raise. Students in Free Enterprise (SIFE) collaborated with the fraternity Alpha Kappa Psi to increase fundraising for both organizations. Collaborating allows the organizations to reduce expenses by renting similar equipment, thereby increasing profits. "Some of these fraternities never thought they would be working with a business organization, but they are and they are getting more diverse," said Estrada, also a member of SIFE. "Being part of USOC and seeing how different organizations work opens your mind to different ways you can run your organization." The diversity also encourages students to learn how to cooperate with others of different backgrounds and interests, a vital skill for post-graduation. "The diversity prepares students for the real world," Estrada said. "When you start working, you don’t just work with people from the same field and background. What they are doing now in USOC, they can apply later." The USOC also has the potential to strengthen the university by encouraging more students to become involved with student organizations, which help attract more prospective students to the university. "A lot of universities don’t have that many organizations," Estrada said. "We have over 100 and USOC wants to bring life to them and to the university." Other universities also have an organization similar to USOC, meant to unify student organizations. Yet, most give money to student organizations and that involves much paperwork and many policies. The USOC on campus does not finance student organizations; its job involves more collaboration and student involvement, and less paperwork. "We don’t want to be just any organization that a student can join just to be in," Gomez said. "We want to really help the students get together and learn from each other."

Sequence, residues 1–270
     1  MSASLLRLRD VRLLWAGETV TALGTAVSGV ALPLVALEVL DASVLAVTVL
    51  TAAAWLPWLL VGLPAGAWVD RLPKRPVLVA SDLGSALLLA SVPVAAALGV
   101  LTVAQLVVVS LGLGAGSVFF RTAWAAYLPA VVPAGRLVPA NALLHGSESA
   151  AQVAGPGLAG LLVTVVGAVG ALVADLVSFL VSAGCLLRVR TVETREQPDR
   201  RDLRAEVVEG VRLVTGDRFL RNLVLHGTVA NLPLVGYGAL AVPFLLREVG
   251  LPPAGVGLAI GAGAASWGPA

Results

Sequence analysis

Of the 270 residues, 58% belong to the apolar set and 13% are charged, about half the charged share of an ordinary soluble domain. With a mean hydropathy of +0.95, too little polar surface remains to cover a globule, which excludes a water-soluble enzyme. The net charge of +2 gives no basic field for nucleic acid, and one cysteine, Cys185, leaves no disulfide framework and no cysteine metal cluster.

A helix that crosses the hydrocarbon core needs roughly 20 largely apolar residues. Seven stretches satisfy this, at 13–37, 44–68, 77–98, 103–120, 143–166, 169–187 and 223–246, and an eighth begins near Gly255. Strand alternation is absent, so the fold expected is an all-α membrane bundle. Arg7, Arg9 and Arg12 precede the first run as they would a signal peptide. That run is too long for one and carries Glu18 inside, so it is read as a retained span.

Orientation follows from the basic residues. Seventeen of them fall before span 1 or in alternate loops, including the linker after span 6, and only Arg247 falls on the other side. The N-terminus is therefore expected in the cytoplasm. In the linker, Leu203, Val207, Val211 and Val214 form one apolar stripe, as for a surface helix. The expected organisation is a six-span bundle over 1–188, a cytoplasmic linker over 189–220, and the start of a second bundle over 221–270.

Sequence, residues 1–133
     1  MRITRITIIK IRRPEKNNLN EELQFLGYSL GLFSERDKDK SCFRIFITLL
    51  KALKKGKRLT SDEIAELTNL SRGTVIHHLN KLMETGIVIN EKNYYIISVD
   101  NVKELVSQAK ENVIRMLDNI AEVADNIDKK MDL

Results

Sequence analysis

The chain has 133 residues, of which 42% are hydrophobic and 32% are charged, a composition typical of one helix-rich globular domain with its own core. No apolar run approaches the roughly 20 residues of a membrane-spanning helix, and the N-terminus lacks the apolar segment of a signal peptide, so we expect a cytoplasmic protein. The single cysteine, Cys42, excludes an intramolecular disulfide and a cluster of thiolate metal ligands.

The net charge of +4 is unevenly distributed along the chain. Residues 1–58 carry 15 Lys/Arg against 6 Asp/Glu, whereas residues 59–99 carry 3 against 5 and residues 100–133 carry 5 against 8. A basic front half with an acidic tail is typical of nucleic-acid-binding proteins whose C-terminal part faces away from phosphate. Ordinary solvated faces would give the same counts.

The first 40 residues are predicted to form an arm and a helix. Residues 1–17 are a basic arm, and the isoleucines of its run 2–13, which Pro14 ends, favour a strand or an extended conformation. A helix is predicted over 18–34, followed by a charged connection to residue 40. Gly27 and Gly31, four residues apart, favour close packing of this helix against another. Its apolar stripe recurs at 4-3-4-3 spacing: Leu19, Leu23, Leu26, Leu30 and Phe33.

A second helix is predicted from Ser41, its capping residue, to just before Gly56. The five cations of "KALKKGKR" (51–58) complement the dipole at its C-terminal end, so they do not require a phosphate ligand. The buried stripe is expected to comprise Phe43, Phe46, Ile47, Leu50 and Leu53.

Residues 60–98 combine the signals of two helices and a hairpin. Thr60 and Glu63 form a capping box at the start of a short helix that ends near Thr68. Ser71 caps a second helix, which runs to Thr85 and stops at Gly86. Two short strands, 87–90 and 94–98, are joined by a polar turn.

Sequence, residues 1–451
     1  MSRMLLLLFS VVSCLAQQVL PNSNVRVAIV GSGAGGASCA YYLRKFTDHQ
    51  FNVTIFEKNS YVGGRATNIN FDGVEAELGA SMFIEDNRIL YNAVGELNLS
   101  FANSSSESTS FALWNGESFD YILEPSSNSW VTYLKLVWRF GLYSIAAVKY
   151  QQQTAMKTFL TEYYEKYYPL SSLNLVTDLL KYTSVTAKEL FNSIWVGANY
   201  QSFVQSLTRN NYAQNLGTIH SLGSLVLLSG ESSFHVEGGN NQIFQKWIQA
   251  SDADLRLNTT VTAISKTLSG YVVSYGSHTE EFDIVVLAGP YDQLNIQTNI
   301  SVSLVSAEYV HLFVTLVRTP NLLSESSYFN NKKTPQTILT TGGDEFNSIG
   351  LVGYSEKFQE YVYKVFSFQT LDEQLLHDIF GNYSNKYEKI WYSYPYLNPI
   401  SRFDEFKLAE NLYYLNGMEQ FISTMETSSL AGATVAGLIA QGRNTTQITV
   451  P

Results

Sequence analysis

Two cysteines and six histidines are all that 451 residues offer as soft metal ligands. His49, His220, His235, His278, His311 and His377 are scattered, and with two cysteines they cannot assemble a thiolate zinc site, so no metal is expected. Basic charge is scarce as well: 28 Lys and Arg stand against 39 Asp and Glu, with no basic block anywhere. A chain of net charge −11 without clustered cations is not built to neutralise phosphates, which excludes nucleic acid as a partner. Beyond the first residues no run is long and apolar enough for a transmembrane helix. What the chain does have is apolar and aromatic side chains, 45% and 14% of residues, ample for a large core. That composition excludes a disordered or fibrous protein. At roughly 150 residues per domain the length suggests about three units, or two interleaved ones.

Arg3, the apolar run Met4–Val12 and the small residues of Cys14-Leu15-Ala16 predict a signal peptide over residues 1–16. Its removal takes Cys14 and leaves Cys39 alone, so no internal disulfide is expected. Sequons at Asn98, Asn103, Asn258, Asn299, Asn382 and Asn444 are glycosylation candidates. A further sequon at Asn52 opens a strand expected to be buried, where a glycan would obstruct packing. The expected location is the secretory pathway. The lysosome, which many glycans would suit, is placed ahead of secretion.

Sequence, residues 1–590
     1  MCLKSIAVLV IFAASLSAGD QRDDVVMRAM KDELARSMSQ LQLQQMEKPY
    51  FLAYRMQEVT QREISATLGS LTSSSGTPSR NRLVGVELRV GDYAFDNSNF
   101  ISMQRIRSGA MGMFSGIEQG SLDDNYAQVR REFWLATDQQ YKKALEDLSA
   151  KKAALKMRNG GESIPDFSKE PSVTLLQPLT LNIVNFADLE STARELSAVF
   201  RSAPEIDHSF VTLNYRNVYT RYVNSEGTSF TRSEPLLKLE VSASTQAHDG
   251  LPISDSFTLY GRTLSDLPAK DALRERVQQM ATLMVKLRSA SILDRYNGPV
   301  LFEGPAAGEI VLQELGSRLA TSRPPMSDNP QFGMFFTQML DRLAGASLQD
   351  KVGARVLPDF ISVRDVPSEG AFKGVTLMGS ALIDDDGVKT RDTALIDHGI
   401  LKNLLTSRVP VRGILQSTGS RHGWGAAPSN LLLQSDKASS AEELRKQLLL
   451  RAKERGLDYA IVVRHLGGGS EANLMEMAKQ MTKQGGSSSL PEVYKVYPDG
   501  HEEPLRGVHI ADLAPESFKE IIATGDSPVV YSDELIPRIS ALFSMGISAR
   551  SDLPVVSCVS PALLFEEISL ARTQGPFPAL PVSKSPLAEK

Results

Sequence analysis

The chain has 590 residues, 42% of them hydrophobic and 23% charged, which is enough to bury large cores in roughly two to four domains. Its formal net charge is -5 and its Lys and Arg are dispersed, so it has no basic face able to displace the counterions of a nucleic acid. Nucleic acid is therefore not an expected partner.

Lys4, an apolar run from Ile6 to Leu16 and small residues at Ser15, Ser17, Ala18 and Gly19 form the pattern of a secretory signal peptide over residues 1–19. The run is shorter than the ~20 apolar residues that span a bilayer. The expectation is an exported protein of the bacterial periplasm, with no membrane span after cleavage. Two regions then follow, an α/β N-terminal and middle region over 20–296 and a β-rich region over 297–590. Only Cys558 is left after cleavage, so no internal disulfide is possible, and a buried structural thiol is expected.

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CANDIDATES munity colleges [and] I support the Dream Act which allows children of undocumented immigrants to attend colleges here in the US,” he said. “I support increasing teacher pay for teachers who teach in school districts that do not meet their state’s average teacher salary. I believe more motivated teachers will teach eager students better. I believe education is a promise that must never be broken.” District 25 candidates Armendariz Klein (R) and Doggett (D), are offering different solutions for small business in their district and changes for the U.S.VISIT inspection program. The U.S.-VISIT program enhances the security of U.S. citizens and visitors by verifying the identity of visitors with visas. At the same time, it facilitates legitimate travel and trade by leveraging technology and the evolving use of biometrics to expedite processing at our borders, according to the Homeland Security Web site. Doggett feels that the program needs to be refined or even dissolved in order to help small businesses. “Over Republican opposition, I am working to scrap U.S.-VISIT’s double standard applied to our border with Mexico,” Doggett said. “For every Mexican national who cannot make a purchase in Mission, Rio Grande City, Hidalgo, Pharr, McAllen, or even Austin, there is a Texas business that cannot sell. And a business that cannot sell is a business that cannot grow, and cannot hire